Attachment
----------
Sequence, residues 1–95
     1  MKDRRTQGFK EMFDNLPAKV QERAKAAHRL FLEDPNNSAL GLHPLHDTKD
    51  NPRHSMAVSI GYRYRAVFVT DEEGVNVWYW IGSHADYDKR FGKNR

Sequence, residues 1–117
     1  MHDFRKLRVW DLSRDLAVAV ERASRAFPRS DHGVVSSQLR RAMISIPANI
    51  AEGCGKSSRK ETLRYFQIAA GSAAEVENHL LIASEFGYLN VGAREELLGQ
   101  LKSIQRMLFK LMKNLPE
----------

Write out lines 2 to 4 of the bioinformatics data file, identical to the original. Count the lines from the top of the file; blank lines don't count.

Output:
     1  MKDRRTQGFK EMFDNLPAKV QERAKAAHRL FLEDPNNSAL GLHPLHDTKD
    51  NPRHSMAVSI GYRYRAVFVT DEEGVNVWYW IGSHADYDKR FGKNR

Sequence, residues 1–117